Learning the Symptoms: Read to Learn

Bosch-Boonstra-Schaaf optic atrophy syndrome & Autism Spectrum Disorder (ASD)

*Overall, 80% of those diagnosed with Bosch- Boonstra-Schaaf optic atrophy syndrome have been diagnosed with Autism spectrum disorder or exhibit features of the disorder.

*The Phenotypic Expansion of Bosch-Boonstra-Schaaf Optic Atrophy Syndrome and Further Evidence for Genotype-Phenotype Correlations (2020)

*Autism is a neurodevelopmental disorder characterized by:

  • Social impairments
  • cognitive impairments
  • communication difficulties
  • repetitive behaviors

Because Autism is a spectrum disorder, it can range from very mild to very severe and occur in all ethnic, socioeconomic and age groups. As they say, when you have met one person with ASD, you’ve met one person with ASD.

A Person with Autism Might:

  • Not respond to their name
  • Not point at objects or things of interest
  • Not play “pretend” games
  • Avoid eye contact
  • Want to be alone
  • Have no speech or delayed speech
  • Repeat words or phrases
  • Have repetitive behaviors
  • Have intense interest in one topic or activity
  • Have low to no social skills
  • *Teach you their unique perspective of life!
  • *Show you genuine love and joy in many different ways!
  • * Learn to live in our world if we learn to live in theirs.

* National Autism Association

*BBSOAS and ASD parent

Bosch-Boonstra-Schaaf optic atrophy syndrome & Speech and Language Impairment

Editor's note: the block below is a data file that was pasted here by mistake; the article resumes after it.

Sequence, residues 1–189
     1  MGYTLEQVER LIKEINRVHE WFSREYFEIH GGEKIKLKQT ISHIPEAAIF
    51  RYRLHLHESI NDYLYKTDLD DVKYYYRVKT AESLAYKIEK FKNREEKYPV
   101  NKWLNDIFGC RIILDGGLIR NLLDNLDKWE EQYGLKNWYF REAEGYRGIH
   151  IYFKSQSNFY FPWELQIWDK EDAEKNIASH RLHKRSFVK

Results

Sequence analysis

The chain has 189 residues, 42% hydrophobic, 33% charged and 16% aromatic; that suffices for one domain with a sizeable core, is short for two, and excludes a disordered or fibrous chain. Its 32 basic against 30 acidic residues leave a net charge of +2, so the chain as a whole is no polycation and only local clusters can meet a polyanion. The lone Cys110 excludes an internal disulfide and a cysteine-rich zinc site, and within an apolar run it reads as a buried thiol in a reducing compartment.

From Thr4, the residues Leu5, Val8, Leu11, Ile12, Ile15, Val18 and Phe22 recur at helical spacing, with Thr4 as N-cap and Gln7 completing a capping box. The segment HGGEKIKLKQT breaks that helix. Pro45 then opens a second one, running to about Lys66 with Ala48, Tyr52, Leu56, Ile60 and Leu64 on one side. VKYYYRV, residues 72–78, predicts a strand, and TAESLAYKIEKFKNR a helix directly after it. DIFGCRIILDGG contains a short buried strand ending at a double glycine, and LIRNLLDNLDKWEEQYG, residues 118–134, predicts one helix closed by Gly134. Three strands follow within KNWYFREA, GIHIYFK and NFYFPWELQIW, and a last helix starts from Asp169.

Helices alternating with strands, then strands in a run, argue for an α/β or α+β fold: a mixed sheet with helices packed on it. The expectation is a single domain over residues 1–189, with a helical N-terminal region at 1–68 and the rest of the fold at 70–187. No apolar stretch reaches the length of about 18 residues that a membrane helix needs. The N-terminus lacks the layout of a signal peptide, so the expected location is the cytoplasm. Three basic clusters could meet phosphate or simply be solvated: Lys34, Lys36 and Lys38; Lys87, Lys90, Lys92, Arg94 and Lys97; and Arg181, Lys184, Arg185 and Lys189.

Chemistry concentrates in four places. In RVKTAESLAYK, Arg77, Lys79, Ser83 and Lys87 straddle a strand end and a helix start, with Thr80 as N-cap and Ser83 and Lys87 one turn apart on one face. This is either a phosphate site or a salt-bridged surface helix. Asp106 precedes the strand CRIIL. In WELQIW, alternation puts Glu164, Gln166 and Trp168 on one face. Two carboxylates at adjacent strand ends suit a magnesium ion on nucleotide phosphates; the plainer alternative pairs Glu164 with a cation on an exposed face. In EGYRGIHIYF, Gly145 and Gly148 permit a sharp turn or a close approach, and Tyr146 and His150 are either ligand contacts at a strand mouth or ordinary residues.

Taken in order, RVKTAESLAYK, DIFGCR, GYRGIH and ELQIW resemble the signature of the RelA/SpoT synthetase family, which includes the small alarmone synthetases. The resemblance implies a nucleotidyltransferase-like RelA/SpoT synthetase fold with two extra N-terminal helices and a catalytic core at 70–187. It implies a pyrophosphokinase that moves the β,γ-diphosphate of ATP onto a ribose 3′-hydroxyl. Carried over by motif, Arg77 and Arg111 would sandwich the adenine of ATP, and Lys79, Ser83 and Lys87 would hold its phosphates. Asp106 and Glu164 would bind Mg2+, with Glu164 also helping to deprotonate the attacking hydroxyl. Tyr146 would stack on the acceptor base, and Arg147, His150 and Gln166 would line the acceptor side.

*Speech and Language Impairment is one of the most common clinical features of BBSOAS. Overall, 91% of those diagnosed have a speech delay with 42% of those being preverbal.

*The Phenotypic Expansion of Bosch-Boonstra-Schaaf Optic Atrophy Syndrome and Further Evidence for Genotype-Phenotype Correlations (2020)

*Speech is how we say sounds and words. People with speech problems may:

  • not say sounds clearly
  • have a hoarse or raspy voice
  • repeat sounds or pause when speaking, called stuttering

*Language is the words we use to share ideas and get what we want. A person with a language disorder may have problems:

  • understanding
  • talking
  • reading
  • writing

*Types of Speech & Language Disorders

  • Apraxia of Speech: A severe speech disorder characterized by an inability to speak, or a severe struggle to speak clearly.
  • Expressive Language Disorder: People with expressive language disorder have difficulty conveying or expressing information in speech, writing,sign language or gesture.
  • Receptive Language Disorder: A receptive language disorder is a condition in which a person has trouble understanding and processing words.
  • Other Common Speech and Language Disorders: Stuttering (stammering), Dysarthria (slurred speech), Lisping, Spasmodic Dysphonia (causes the voice to break or sound strained), Muteness and Selective Mutism

*Some early signs and symptoms of childhood Apraxia:

  • Limited babbling, or variation within babbling
  • Limited phonetic diversity
  • Inconsistent errors
  • Omissions, particularly in word initial syllable shapes
  • Vowel errors/distortions
  • Excessive, equal stress
  • Loss of previously produced words

*Some common expressive language disorder symptoms:

  • Making grammatical errors
  • Using noticeably fewer words and sentences
  • Using shorter, simpler sentence construction